ArtworksDavid MilneStore Fronts (New York), 1914-151882-1953Sold
Inscriptionsinscribed by Duncan, ‘DAVID B MILNE STORE FRONTS 1914-15 O-26’ (verso, stretcher); inscribed by Duncan estate, ‘699’ (verso)
Lloyd Singer, Toronto through Cecil Troy, Toronto, 1969.
Emmett's Custom Framing, Ltd., Toronto, circa 1975.
Galerie Walter Klinkhoff Inc,, Montreal;
Acquired from the above by Mitzi and Mel Dobrin in 1975.
ExhibitionsMontreal, Galerie Walter Klinkhoff, David Milne (1882-1953) Retrospective Exhibition, 15-29 September 2001, cat. no. 9.
LiteratureDavid Milne Jr. and David P. Silcox, David B. Milne: Catalogue Raisonné of the Paintings Volume 1: 1882-1928, (Toronto: University of Toronto Press, 1998), no. 106.2, reproduced p. 140.Store Fronts of 1914-15 exemplifies another of Milne’s trademarks, the desire and ability to show motifs close up and thus to emphasize interlocking patterns of colour and form. Here it is the stacked up, low rise buildings, with their rectilinear walls and windows, that contrast appealingly with Milne’s signature tree forms. At the same time, there is a correspondence between the outlining – whether in positive or negative registrations – of the windows and trees. Since this is a winter scene, we can see through these deciduous trees and yet simultaneously record the curvilinear skeletons of their graceful crowns, which, like the buildings, march up and back as they define the pictorial space. Though there is perhaps a fleeting suggestion of one or more pedestrians with hats in the bottom right of the image, figures found in many of Milne’s New York streetscapes of this period, we cannot fully perceive such details. Neither do the store windows yield any information, which is ironic, given that Milne earned his living at this time by painting ‘showcards,’ advertisements for just such displays. Instead, it is the natural forms of the trees that act as the main protagonists in this picture. The trees seem to move through the grid of streets defined by the vibrantly hued buildings, giving us a sense of spatial depth and dynamism. The buildings relegate the sky to a band at the top and the foreground to a corresponding strip at the bottom, but these structures are not oppressive. They too are animated. The apparently sodden snow and heavy atmosphere similarly does nothing to deaden this scene; on the contrary, the facades are as brightly coloured in winter as we might expect the trees to be in fall. The tree just off centre in the foreground can be seen to give us both seasons at once, for instance, borrowing as it seems to do the rusty orange hues of the building against which we see it.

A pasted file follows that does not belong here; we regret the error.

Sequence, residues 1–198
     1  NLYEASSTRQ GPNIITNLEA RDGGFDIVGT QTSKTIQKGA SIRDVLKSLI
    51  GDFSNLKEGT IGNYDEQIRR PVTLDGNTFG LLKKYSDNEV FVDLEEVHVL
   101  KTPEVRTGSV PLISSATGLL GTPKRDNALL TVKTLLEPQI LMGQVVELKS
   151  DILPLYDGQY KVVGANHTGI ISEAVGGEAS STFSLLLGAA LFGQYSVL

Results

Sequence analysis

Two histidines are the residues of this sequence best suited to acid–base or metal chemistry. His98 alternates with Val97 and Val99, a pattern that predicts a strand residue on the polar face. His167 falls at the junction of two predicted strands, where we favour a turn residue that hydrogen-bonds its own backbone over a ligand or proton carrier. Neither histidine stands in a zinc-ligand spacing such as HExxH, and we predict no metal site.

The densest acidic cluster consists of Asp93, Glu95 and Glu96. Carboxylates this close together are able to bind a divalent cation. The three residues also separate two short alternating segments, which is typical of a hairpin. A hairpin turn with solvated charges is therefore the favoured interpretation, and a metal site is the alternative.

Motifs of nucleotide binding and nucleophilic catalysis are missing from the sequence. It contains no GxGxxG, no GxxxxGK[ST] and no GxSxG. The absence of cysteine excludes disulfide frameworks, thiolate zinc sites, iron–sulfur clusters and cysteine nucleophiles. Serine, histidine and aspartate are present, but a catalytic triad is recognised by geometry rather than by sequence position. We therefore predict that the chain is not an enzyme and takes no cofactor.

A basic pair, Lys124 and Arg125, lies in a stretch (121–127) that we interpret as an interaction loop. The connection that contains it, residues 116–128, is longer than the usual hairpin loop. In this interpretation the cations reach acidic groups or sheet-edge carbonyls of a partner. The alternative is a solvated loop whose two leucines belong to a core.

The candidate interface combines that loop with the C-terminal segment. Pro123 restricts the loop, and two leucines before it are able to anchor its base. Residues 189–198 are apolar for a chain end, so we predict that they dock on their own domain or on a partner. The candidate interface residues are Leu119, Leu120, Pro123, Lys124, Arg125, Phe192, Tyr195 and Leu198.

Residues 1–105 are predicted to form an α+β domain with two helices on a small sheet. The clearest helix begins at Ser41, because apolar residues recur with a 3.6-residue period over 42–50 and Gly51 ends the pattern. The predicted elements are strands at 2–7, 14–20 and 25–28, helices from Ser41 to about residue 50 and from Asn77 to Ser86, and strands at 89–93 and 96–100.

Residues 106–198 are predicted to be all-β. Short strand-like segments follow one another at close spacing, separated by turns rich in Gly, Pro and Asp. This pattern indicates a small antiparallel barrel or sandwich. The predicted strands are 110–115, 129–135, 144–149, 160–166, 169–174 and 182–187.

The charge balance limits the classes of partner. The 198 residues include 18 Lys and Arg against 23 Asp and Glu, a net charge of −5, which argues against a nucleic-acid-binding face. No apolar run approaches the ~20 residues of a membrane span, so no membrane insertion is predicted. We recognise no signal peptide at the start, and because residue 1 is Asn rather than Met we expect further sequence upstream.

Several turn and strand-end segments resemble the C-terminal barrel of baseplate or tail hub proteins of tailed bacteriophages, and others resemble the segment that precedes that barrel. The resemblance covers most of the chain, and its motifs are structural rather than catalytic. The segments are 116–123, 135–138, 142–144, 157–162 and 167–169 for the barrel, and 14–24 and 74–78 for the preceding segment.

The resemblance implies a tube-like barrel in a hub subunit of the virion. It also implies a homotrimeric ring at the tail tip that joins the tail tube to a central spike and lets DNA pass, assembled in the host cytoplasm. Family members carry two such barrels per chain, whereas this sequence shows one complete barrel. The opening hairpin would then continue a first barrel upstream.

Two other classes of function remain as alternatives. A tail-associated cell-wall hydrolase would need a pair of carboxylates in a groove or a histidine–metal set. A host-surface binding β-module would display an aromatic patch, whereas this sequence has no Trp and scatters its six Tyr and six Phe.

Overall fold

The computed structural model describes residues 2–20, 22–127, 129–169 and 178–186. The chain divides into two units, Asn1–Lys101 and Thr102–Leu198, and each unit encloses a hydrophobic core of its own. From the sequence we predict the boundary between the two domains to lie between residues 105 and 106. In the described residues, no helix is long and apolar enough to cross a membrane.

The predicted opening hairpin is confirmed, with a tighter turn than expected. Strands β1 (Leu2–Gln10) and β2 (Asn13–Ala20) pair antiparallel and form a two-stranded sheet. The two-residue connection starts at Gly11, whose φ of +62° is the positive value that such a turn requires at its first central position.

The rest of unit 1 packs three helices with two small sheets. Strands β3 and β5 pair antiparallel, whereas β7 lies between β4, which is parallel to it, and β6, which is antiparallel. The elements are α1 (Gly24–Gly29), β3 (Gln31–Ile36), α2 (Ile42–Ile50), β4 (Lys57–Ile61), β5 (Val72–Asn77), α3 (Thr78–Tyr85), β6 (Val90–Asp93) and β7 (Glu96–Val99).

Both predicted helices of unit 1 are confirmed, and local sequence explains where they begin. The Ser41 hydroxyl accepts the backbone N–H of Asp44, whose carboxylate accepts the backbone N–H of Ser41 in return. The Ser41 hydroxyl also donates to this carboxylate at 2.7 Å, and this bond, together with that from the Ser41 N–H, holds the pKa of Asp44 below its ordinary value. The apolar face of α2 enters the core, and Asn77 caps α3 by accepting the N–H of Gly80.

By 1915, Milne was well known in the United States. His watercolours appeared in the Panama-Pacific Exposition – the World’s Fair held in San Francisco in this year – where he received the silver medal. More importantly for Milne’s legacy, in 1913, he exhibited five paintings in North America’s most important and controversial early exhibition of the avant-garde, the Armory Show. Seen in New York, Boston, and Chicago, it was here that Milne came into direct contact with the international avant-garde of the day, especially the paintings of Cézanne, Matisse, and Vuillard that he had begun to see in New York galleries. Store Fronts shows the painterly confidence that he had achieved. Milne’s New York work, whether in watercolour or oil, is at once bold and exquisitely subtle, characteristics that he developed throughout his career.
Mark A. Cheetham7of 16